While looking at some old picture of a 3B2, I remembered in college we used to use this ‘fine’ system for it’s Writer’s Workbench which revolved around the programs style & diction.
I thought it’d be interesting to see if I could track down the source, however the sources seem to have been part of the AT&T DWB package, and were not included in any of the seemingly numerous available Unix sources available on TUHS. But thanks to this post on the TUHS mailing list, I saw this:
I know about style and diction which was shipped with BSD4.1 which (again wooly memory) was an early subset of the whole wwb package.
Going with this, I pulled out the recently unearthed images on bitsavers of 4.1_BSD_19810710, and in the tape images sure was the source! The only date in there is from 1979!
Deroff Version 2.0 29 December 1979
Which for a 1981 tape sure would be in the same light. So with some fun playing with the makefiles, I had it running on Debian 8 x64! So with a little bit of kicking I have it running on Windows via MinGW.
So for a fun example, I though I’d take Bill Gate’s forward on Inside OS/2:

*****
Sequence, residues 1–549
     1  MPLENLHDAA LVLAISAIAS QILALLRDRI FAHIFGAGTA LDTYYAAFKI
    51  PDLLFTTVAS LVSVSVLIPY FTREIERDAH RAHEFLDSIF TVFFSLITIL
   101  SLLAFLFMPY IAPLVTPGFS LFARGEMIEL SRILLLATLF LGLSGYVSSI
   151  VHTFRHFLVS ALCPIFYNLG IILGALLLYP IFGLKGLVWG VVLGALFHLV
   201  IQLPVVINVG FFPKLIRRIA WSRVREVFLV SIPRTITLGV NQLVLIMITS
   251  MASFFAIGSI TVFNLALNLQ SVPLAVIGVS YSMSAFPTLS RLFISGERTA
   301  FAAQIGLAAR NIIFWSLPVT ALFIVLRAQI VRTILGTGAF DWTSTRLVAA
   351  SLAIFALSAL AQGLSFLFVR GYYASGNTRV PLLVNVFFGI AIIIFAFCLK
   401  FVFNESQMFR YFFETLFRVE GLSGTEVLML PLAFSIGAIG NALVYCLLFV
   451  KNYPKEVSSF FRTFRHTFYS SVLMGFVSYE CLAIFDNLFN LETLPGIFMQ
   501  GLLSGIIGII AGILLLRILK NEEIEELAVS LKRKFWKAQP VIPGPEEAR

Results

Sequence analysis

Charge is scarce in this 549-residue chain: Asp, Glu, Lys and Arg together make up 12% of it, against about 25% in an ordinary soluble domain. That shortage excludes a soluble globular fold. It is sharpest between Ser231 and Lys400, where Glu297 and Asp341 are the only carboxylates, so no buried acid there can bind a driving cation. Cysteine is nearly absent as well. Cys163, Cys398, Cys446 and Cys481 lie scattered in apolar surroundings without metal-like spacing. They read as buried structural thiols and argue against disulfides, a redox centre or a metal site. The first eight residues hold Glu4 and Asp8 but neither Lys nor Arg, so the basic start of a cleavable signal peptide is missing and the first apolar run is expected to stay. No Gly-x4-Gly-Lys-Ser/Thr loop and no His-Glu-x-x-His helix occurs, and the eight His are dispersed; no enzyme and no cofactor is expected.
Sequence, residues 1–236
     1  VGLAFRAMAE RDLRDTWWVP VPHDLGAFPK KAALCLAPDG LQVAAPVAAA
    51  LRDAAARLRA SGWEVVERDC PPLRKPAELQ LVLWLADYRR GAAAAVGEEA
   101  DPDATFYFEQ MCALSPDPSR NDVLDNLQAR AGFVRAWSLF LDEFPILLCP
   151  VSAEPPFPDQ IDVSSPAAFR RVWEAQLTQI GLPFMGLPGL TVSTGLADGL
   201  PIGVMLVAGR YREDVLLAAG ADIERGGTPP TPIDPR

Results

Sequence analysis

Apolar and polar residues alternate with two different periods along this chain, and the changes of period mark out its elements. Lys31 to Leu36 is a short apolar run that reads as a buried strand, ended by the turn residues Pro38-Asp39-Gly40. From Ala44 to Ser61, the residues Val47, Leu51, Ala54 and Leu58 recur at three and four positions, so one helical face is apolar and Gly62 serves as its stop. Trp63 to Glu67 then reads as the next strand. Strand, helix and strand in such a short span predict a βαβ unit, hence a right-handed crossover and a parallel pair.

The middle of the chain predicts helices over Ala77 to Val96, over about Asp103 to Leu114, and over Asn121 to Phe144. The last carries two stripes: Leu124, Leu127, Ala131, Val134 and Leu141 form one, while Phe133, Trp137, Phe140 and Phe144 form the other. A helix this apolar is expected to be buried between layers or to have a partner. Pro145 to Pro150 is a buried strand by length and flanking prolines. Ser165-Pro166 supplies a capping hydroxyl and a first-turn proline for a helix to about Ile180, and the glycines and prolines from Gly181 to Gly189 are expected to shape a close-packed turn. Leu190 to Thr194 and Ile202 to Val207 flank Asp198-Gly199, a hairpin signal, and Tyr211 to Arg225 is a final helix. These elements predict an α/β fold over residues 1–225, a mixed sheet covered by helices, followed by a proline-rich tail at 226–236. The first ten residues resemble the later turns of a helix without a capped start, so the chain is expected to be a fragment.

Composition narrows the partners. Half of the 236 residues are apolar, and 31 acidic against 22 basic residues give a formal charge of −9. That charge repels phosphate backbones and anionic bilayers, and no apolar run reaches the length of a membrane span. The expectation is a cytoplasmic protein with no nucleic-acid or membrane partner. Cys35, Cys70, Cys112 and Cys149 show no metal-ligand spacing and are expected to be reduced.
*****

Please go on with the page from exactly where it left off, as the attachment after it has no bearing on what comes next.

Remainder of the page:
OS/2 is destined to be a very important piece of software. During the next 10 years, millions of programmers and users will utilize this system. From time to time they will come across a feature or a limitation and wonder why it's there. The best way for them to understand the overall philosophy of the system will be to read this book. Gordon Letwin is Microsoft's architect for OS/2. In his very clear and sometimes humorous way, Gordon has laid out in this book why he included what he did and why he didn't include other things. The very first generation of microcomputers were 8-bit machines, such as the Commodore Pet, the TRS-80, the Apple II, and the CPM 80 based machines. Built into almost all of them was Microsoft's BASIC Interpreter. I met Gordon Letwin when I went to visit Heath's personal computer group (now part of Zenith). Gordon had written his own BASIC as well as an operating system for the Heath system, and he wasn't too happy that his management was considering buying someone else's. In a group of about 15 people, he bluntly pointed out the limitations of my BASIC versus his. After Heath licensed my BASIC, I convinced Gordon that Microsoft was the place to be if you wanted your great software to be popular, and so he became one of Microsoft's first 10 programmers. His first project was to single-handedly write a compiler for Microsoft BASIC. He put a sign on his door that read Do not disturb, feed, poke, tease...the animal and in 5 months wrote a superb compiler that is still the basis for all our BASIC compilers. Unlike the code that a lot of superstar programmers write, Gordon's source code is a model of readability and includes precise explanations of algorithms and why they were chosen. When the Intel 80286 came along, with its protected mode completely separate from its compatible real mode, we had no idea how we were going to get at its new capabilities. In fact, we had given up until Gordon came up with the patented idea described in this book that has been referred to as "turning the car off and on at 60 MPH." When we first explained the idea to Intel and many of its customers, they were sure it wouldn't work. Even Gordon wasn't positive it would work until he wrote some test programs that proved it did. Gordon's role as an operating systems architect is to overview our designs and approaches and make sure they are as simple and as elegant as possible. Part of this job includes reviewing people's code. Most programmers enjoy having Gordon look over their code and point out how it could be improved and simplified. A lot of programs end up about half as big after Gordon has explained a better way to write them. Gordon doesn't mince words, however, so in at least one case a particularly sensitive programmer burst into tears after reading his commentary. Gordon isn't content to just look over other people's code. When a particular project looks very difficult, he dives in. Currently, Gordon has decided to personally write most of our new file system, which will be dramatically faster than our present one. On a recent "vacation" he wrote more than 50 pages of source code. This is Gordon's debut as a book author, and like any good designer he has already imagined what bad reviews might say. I think this book is both fun and important. I hope you enjoy it as much as I have.